The Challenge of Causal Inference in Gene-Environment Interaction Research
Combining large scale social sciences and their research methods with genetics has the potential to better understand and explain issues regarding public health concerns.
Certain environments and genetic factors affect some people in different ways than they affect others. Gene–environment (G×E) research is looking to integrate both biologic and social sciences using their approaches, data, and models to better understand how and why certain individuals are resilient to stressors and others are not. This interdisciplinary path has the potential to help address the challenge of causal inference in G×E research.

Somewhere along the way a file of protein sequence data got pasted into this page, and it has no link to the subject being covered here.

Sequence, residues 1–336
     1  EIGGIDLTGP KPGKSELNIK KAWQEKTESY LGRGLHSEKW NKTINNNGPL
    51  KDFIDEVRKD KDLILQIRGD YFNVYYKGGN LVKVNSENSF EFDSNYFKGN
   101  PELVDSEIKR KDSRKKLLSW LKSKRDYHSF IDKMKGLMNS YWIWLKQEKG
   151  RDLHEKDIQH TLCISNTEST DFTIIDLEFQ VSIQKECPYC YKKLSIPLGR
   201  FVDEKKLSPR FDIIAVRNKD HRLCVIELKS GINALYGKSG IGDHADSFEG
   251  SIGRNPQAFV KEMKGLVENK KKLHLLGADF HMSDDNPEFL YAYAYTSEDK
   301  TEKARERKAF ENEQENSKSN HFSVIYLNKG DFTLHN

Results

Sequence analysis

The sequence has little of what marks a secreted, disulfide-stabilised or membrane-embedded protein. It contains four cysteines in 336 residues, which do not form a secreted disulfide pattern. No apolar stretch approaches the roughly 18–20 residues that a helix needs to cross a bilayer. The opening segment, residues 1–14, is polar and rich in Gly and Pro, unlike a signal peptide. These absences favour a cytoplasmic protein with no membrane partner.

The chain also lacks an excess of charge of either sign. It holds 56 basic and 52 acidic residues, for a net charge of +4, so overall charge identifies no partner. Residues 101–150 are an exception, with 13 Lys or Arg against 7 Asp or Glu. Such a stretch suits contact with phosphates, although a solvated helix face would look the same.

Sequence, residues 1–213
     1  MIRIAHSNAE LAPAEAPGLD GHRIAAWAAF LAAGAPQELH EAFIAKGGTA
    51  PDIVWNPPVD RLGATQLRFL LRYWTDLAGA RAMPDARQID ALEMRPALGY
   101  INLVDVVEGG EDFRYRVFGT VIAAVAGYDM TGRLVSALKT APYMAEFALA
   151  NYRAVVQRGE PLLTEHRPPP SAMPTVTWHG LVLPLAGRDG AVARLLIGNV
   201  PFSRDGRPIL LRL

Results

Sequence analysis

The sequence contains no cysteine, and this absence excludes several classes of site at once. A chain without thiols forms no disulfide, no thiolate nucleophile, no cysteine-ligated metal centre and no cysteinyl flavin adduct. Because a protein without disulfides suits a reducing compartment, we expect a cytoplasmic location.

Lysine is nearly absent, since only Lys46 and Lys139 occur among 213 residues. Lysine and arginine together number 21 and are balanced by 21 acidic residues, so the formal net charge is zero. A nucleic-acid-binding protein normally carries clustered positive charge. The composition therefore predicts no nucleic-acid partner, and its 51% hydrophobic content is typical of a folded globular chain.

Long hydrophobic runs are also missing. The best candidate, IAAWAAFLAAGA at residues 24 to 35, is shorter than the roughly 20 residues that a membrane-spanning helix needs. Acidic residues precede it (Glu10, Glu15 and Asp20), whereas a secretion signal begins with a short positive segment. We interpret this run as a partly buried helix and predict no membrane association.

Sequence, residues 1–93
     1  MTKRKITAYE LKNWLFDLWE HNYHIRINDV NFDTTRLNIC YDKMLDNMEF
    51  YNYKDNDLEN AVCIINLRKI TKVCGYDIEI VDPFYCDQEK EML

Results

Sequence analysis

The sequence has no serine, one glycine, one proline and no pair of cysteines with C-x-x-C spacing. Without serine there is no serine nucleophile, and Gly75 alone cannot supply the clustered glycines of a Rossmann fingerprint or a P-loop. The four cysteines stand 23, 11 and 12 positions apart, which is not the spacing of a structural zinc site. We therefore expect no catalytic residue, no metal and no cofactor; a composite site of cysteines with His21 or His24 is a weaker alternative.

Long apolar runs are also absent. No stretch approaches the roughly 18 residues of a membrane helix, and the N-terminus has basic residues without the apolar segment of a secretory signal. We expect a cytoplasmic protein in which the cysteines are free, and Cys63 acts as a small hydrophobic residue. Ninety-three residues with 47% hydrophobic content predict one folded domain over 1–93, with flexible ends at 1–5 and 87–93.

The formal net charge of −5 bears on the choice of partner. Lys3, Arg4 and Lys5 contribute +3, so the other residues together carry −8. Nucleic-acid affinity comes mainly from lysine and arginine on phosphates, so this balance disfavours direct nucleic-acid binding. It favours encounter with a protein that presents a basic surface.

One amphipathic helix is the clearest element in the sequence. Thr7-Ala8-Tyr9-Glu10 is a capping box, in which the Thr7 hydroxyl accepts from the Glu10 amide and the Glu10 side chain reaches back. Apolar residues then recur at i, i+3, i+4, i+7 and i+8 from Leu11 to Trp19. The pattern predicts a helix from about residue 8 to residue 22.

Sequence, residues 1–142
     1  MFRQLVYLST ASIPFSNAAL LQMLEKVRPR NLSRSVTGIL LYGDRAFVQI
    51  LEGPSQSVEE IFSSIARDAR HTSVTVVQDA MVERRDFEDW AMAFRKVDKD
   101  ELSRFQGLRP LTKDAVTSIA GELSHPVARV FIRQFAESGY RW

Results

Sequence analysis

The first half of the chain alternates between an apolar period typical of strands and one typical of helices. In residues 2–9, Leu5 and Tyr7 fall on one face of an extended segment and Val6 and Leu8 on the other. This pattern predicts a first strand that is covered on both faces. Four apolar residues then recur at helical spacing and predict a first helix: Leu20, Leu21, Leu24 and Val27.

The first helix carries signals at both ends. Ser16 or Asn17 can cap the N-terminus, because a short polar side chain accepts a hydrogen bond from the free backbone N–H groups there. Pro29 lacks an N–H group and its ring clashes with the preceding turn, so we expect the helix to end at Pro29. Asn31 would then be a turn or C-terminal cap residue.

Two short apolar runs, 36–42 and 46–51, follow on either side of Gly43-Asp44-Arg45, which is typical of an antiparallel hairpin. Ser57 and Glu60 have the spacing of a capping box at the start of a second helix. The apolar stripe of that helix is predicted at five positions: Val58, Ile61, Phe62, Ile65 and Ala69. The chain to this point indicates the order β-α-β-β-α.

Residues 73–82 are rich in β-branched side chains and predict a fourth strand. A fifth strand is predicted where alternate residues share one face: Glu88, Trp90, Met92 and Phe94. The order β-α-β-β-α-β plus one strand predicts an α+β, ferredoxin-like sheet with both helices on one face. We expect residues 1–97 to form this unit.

The authors highlight three research designs that could be used in G×E interaction research through the integration of the social and biological sciences, “where both sides bring important expertise to the table.”
- A natural experiment design examining GxE interactions between stress and genotype in predicting depressive phenotypes.
- Enhanced family designs used to address concerns about the population stratification in the GxE literature.
- Policy variation, another resource of environmental variation, has been used in the social science to examine the determinants of important health phenotypes.
This essay provides examples of research designs that would be beneficial for G×E interaction research. The data examples come from the National Longitudinal Survey of Adolescent Health and from the Fragile Families Study.